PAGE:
How brain cells change over time

When it comes to understanding and treating diseases that uniquely affect humans, researchers are not only analyzing cells from the adult brain, but also from brains throughout various stages of development. “We think studying development is particularly important because we know that diseases such as autism and schizophrenia have their onset at very early stages of brain development,” Kriegstein said. As the brain develops, some cell types appear and disappear and regions can change significantly in terms of cellular composition. Those dynamic changes are part of what allows humans to develop complex speech and motor abilities, but they can also make us vulnerable to disease. For that reason, Kriegstein and his colleagues are working to develop a reference database of how brain cell types change over time.

With single-nucleus RNA sequencing, he and his colleagues studied more than 700,000 cells from the human cortex, beginning in very early fetal development and extending into adulthood (Figure 2). They found that in the subplate region, a structure that helps guide the development and wiring of the brain’s cortex, genes associated with autism risk were more highly expressed in female cells than in male cells [3].

The Brain Cells That Make Us Uniquely Human

Figure 2. In this image of the developing human cortex, four cell types (each a different color) were identified by gene expression. They occupy distinct cortical layers. Red and orange represent two interneuron subtypes; green represents astrocytes; and blue represents excitatory neurons. (Image courtesy of Tanzila Mukhtar, Kriegstein Lab.)

“The fact that there’s a higher expression of risk genes in females than males may seem contradictory at first, given that autism is much more common in males,” he said. “However, this is consistent with the hypothesis that females are protected in some way against the loss of function in those genes. We think that the higher expression level of these particular cells offers females a protection that males don’t have.” During early stages of development, neurons in the subplate region project to areas of the cortex associated with learning, memory and higher cognitive functions, then shift into deeper parts of the brain over time. The genetic differences Kriegstein and his colleagues observed between male and female autism risk cells suggest that the cellular changes occurring in this region may be a key part of the vulnerability to that disease.

The researchers also studied how differences in gene expression of cells relates to other diseases, including schizophrenia and Alzheimer’s. They observed that each disease’s risk genes were linked to different cell types in different regions of the brain. For example, regulatory changes in microglia, immune cells that help respond to damage and pathogens in the brain, were associated with Alzheimer’s disease vulnerability [3]. Past research has indicated that other neurodegenerative disorders, such as Parkinson’s, are also related to problems with specific types of cells [4]. “We think that having that kind of a map of cell types and which connections they make will eventually help us develop very targeted treatments,” said Beckel-Mitchener.

Fundamental and applicable findings

Building on the breakthroughs of BICCN, the NIH has now launched BICAN, which also leverages multiple innovative single-cell spatial mapping approaches to take cell type analysis one step further. Researchers can now collect single-cell recordings that include data on spatial changes, allowing them to observe how brain cells migrate and connect over time. “This technology is so new that what’s considered the best keeps changing from year to year,” Kriegstein said. “But if you want to take advantage of cutting-edge technology, you’ve got to jump in at some point.”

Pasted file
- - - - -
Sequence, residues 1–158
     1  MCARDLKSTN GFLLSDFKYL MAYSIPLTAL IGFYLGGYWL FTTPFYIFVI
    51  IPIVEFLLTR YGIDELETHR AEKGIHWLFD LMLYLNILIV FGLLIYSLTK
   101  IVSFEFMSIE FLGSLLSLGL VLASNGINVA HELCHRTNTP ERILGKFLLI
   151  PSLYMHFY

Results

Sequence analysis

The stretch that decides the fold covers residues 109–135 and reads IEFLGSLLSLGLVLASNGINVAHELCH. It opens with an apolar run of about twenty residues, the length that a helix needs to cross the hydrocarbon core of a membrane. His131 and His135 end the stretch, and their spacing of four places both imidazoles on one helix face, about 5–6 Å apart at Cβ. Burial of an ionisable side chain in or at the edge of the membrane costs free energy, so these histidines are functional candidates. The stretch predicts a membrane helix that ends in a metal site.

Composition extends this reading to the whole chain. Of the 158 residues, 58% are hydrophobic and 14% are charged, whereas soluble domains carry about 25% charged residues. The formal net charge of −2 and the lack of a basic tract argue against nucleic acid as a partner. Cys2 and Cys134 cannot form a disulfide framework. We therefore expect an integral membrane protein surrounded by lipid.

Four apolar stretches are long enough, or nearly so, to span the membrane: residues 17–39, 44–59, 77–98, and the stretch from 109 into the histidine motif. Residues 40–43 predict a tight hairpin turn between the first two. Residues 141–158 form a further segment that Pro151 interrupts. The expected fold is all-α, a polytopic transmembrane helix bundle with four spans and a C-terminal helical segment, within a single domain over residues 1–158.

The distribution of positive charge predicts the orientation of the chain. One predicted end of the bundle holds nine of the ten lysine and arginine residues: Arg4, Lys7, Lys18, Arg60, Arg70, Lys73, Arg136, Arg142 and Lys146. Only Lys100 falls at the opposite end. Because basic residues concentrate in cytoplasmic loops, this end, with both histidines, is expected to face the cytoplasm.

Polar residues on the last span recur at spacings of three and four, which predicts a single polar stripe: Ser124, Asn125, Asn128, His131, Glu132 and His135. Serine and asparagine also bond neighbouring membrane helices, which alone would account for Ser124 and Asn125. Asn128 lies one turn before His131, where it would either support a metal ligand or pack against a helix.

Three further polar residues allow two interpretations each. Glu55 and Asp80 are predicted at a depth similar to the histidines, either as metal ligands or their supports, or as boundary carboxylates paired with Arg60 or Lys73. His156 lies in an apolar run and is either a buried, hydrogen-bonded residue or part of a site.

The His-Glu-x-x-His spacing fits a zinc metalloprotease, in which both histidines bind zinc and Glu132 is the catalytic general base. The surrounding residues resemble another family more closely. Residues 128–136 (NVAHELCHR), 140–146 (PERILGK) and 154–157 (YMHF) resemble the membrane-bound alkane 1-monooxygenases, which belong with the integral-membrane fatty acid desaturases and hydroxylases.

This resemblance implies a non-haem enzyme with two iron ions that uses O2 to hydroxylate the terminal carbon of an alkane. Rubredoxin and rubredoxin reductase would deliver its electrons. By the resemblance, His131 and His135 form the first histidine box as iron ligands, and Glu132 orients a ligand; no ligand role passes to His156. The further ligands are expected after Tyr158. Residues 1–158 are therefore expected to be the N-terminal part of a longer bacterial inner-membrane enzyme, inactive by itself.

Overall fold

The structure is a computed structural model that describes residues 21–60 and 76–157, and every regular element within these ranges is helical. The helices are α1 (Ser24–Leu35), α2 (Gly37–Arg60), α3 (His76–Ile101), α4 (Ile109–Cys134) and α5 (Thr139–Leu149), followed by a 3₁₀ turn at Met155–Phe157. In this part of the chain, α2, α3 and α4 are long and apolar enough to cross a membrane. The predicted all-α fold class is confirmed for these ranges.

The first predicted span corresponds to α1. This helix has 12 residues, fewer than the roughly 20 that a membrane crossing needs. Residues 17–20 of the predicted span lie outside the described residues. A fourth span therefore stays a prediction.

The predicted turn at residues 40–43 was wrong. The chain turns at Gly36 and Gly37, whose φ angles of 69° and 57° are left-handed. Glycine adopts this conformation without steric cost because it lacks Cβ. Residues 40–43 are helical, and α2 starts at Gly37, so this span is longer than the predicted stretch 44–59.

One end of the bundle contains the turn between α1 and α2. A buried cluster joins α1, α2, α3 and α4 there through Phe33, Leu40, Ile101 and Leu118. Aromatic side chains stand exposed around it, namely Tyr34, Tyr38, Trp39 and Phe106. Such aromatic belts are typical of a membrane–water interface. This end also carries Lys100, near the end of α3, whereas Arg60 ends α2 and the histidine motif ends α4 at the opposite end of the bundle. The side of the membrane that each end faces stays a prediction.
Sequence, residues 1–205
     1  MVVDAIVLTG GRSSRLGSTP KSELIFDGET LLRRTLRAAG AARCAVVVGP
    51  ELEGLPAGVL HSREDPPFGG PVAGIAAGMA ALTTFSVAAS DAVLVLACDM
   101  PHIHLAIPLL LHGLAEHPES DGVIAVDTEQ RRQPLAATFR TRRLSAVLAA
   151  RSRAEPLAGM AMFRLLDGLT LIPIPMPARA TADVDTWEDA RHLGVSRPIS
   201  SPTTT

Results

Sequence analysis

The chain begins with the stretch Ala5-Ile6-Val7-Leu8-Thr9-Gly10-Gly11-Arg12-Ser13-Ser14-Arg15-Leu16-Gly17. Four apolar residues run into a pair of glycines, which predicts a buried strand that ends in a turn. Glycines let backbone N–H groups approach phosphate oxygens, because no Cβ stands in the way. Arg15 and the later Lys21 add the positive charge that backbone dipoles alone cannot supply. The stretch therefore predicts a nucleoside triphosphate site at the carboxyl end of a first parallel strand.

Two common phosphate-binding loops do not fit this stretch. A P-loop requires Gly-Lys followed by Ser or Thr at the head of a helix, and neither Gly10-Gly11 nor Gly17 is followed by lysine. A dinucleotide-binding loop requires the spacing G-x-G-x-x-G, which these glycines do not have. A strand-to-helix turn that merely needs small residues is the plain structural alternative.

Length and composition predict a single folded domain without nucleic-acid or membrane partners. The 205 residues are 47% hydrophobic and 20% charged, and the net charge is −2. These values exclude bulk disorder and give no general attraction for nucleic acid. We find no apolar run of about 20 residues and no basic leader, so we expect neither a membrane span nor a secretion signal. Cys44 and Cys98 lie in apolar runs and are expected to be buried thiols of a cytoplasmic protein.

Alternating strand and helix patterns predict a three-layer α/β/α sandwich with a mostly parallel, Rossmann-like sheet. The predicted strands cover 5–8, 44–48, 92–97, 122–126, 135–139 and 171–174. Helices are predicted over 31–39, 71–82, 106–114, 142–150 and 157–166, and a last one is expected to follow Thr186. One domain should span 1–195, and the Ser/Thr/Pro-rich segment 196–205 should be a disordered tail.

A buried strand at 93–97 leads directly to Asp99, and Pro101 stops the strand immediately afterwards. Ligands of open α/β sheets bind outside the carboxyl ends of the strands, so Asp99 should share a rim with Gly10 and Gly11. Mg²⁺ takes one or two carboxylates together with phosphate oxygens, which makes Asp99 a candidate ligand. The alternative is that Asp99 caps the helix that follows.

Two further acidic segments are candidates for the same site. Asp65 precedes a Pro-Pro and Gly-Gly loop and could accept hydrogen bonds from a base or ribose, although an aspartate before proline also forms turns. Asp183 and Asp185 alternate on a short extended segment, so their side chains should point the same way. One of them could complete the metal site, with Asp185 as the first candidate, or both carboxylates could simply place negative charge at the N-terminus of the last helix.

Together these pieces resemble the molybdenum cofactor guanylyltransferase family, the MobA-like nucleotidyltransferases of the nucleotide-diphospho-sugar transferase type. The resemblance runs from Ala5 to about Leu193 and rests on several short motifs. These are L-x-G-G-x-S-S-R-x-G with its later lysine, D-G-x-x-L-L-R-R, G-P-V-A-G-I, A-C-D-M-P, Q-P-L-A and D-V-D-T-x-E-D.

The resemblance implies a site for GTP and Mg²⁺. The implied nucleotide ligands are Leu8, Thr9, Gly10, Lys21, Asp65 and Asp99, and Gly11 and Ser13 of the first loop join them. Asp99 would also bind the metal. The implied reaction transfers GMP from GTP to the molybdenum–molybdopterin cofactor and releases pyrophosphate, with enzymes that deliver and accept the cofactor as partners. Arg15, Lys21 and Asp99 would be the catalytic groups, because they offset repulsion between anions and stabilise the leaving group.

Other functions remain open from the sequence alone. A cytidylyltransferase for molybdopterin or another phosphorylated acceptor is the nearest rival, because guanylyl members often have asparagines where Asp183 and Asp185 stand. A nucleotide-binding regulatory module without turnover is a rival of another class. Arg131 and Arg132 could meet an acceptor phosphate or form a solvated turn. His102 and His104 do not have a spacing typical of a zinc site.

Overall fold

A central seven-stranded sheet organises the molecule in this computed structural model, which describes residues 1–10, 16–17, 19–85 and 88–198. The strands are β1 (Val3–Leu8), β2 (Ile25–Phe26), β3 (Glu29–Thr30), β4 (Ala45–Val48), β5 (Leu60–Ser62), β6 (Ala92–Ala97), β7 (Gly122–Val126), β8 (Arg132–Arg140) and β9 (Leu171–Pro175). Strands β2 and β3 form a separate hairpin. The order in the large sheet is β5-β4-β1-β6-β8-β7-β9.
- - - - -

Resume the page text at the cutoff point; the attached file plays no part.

Some new projects will turn exclusively to the human brain. Kriegstein and his colleagues are conducting single-cell analysis of autism in the brain at various ages. Given what they have learned about the cell types that are most vulnerable during development, can they also observe changes in those types of cells as a physical manifestation of the disease itself? Gillis and his team are amassing samples from hundreds of people to begin studying subtle variability in cell-type gene expression among humans.

Other work will use the latest technologies and methodologies to dive deeper into cross-species comparisons. Comparing the brains of humans, macaques, and mice, Kriegstein has shown that human synapses remain immature (and therefore more plastic) for an extended period, which helps explain our increased capacity for learning and memory [5]—and aims to further explore such developmental distinctions. Gillis is continuing to use single-cell recordings to study cell-type differences in a wide variety of organisms, including everything from plants to armadillos. “Finally, at cellular resolution, we can really align the data and compare species,” he said. “That allows us to start building out cellular atlases and makes integrative assessments more of an apples-to-apples comparison.”

Much of the research from BICCN and BICAN is fundamental in nature, offering knowledge about some of the smallest units of brain function. But findings on disease-linked cell types is already revealing targets for specialized therapies that could make the research applicable on a relatively short timeline. “This program was structured so that it could support institutes across NIH with more specialized missions,” Beckel-Mitchener said. “We’re already starting to see the excitement from many different research communities about these revolutionary findings on cell types.”